In April last year, High Court Judge Alfred Mabeya revoked the lease between Mumias and Sarrai.

At the same time, he ordered Rao to leave and appointed Kereto Mrima as the Mumias administrator. Aggrieved, Sarrai went to Justice Chepkwony and she suspended the implementation of Justice Mabeya’s orders.  

Rao challenged Mabeya’s orders before the Court of Appeal. On September 23, 2022, Justices Asike Makhandia, Jamilla Mohamed and Sankale Ole Kantai suspended them. 

In the meantime, at the High Court, Justice Mabeya withdrew from the case and the file landed before Justice Wilfrida Okwany, who directed that Sarrai should cease activities at Mumias. 

Thereafter, Kimeto asked Justice Chepkwony to jail Sarrai directors for alleged disobedience of court orders. It is this contempt application that landed before Justice Mativo.

After the case was certified as urgent, the file was placed before Justices Hellen Omondi, Ngenye Macharia and John Mativo. The trio however withdrew from the case. 

Mumias Sugar Company’s main entrance. [File, Standard]

The file was then placed before Justices Warsame, M’Inoti and Laibuta. Again, Dr Khaminwa and Kimeto urged the second Bench to also recuse itself.  

Khaminwa argued that since Justice Warsame was sitting in JSC, he should not sit in the case as there was a complaint against judges over Mumias Sugar before the commission. 

Kimeto expressed discontent with the entire Bench, arguing that it was empanelled by an acting president whom she had filed a complaint against before JSC. 

KCB, Sarrai and Rao opposed the application. Senior lawyer Githu Muigai, for Sarrai, and Mahat Somane, for KCB, said the application for recusal was a red herring intended to scare judges from sitting in the matter. 

Lawyer Muigai said his clients were unfairly being punished as they had started repairing Mumias Sugar's machinery and had planted sugarcane in preparation to have the operations run full throttle. Already, the court heard, Mumias had started contracting farmers with the cane for crushing.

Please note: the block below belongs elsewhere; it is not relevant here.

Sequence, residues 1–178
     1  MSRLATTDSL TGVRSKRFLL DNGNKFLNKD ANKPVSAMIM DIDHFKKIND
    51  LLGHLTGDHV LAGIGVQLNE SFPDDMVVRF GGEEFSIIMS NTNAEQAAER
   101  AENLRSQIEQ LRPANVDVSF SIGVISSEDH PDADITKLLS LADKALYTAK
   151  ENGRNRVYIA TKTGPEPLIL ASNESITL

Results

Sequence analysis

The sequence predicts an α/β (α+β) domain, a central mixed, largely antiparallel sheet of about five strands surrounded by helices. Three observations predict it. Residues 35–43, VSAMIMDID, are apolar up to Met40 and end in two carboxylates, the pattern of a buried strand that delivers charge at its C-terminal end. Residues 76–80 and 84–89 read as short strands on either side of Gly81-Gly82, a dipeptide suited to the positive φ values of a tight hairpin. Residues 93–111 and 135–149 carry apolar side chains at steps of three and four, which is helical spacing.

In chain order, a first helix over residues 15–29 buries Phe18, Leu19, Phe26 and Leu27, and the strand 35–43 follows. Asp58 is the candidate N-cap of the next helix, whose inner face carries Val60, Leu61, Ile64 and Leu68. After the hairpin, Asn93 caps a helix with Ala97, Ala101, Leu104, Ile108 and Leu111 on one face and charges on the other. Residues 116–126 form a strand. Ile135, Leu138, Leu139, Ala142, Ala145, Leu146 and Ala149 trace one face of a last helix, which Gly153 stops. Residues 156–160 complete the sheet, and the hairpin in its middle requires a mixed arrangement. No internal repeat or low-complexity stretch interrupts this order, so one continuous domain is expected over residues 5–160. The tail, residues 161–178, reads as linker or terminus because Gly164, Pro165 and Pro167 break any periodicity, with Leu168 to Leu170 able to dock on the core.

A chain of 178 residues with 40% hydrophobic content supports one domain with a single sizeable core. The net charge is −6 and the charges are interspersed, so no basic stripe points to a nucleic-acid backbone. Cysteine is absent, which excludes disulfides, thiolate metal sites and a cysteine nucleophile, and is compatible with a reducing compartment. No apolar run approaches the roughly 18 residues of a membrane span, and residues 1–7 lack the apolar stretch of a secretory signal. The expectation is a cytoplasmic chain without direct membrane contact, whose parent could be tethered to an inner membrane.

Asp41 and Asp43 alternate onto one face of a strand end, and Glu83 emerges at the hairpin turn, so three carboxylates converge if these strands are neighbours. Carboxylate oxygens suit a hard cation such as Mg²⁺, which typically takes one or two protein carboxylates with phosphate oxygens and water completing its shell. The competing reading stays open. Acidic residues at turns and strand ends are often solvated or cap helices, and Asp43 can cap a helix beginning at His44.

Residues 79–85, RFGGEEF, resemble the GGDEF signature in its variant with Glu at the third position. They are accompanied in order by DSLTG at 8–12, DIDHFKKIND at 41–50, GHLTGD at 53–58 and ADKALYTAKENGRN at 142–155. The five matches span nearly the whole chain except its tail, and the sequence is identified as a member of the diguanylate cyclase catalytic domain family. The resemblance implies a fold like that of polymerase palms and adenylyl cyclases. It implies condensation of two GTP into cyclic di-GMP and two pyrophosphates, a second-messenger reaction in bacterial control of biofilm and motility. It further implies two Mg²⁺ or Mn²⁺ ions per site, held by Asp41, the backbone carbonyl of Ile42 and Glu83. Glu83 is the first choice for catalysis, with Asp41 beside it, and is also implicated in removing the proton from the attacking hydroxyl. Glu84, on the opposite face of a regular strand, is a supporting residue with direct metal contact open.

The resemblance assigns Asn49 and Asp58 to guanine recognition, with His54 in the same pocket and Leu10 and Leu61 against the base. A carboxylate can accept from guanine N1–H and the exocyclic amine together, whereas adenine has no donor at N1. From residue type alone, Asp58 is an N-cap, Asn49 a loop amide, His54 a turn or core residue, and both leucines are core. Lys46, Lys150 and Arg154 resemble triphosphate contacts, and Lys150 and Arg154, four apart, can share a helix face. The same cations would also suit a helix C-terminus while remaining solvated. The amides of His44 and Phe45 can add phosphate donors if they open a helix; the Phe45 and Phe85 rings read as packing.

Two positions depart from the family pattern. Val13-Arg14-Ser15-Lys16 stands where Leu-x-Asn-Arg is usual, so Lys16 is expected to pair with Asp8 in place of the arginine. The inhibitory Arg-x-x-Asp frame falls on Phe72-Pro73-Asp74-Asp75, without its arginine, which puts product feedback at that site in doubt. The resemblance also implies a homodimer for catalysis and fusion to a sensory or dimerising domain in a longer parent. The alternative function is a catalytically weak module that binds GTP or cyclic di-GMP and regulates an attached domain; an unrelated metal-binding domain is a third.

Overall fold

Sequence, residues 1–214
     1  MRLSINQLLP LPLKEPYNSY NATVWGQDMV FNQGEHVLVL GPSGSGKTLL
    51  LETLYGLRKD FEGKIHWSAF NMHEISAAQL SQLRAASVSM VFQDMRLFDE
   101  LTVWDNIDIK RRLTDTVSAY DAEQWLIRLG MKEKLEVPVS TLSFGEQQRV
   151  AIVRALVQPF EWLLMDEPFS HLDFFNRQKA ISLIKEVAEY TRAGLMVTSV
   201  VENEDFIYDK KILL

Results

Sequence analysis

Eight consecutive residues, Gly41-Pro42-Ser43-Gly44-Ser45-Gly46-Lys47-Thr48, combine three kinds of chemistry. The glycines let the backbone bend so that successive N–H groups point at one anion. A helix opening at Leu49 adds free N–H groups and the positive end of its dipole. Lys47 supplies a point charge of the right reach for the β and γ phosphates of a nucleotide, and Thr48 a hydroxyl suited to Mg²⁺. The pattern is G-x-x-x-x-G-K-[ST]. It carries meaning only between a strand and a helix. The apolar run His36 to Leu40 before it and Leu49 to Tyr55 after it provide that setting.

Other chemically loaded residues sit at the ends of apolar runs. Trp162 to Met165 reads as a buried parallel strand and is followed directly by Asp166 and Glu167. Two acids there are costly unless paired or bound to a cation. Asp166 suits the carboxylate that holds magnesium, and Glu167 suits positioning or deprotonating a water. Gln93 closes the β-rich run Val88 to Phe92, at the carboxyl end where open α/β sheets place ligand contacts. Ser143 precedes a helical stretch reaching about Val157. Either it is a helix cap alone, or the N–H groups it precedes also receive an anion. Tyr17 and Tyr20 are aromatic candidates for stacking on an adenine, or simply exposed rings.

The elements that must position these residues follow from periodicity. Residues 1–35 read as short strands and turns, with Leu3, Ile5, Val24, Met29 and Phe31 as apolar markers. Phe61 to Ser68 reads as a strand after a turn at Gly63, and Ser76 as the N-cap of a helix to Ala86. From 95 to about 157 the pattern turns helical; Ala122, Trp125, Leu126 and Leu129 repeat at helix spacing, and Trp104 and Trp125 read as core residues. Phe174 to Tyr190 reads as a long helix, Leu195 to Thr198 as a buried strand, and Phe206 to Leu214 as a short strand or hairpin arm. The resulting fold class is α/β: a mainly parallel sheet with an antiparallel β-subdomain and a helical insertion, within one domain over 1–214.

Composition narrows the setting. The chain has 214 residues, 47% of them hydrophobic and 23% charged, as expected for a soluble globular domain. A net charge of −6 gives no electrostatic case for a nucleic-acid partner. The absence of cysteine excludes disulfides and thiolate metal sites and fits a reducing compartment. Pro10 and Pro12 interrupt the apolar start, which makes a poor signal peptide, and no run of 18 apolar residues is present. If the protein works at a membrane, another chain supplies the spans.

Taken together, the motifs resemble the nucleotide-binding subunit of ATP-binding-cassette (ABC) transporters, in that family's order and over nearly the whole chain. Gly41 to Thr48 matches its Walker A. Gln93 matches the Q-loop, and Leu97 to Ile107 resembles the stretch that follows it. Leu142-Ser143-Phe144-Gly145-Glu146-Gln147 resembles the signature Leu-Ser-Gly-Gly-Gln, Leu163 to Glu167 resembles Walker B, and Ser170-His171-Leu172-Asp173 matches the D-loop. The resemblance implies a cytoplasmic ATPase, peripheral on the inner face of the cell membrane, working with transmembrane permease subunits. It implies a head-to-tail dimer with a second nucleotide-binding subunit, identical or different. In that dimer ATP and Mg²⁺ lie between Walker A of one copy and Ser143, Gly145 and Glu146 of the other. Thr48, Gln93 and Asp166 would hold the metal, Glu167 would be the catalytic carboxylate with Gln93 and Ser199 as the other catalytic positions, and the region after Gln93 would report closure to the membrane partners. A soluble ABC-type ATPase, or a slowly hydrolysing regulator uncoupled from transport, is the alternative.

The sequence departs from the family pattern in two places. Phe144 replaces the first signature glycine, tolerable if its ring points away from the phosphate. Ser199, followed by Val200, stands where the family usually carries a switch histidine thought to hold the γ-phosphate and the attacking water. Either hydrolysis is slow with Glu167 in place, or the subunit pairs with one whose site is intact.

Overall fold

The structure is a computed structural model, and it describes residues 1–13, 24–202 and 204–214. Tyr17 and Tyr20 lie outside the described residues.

“With the resumption of operations, Mumias Sugar employed many Kenyans engaged in planting, harvesting, cane crushing and distribution value chain,” argued Muigai, adding that the commercial court had relied on falsehoods to find his client guilty. 

At the same time, the court heard that Mumias stoppage was hampering the government’s efforts to revive the sugar industry in a bid to lower the cost of living. 

The Justice Warsame Bench allowed the application. At the same time, they also allowed a separate application which sought to have Sarrai back in Mumias. 

Mumias Sugar was incorporated on June 29, 1971. It was then privatised through listing at the Nairobi Stock Exchange in 2001. 

According to court papers, the Treasury owns 20 per cent of the ailing miller while other State institutions have a 4.57 per cent stake. Individuals own the other 75.43 per cent. 

The miller’s financial troubles started in 2012. According to Treasury’s documents, by the end of 2017-2018, it registered a Sh39.44 billion loss after tax. In that year alone, it posted a net after-tax loss of Sh15.14 billion. The shareholding equity had eroded to negative Sh14.63 billion, exceeding its Sh628.24 million assets.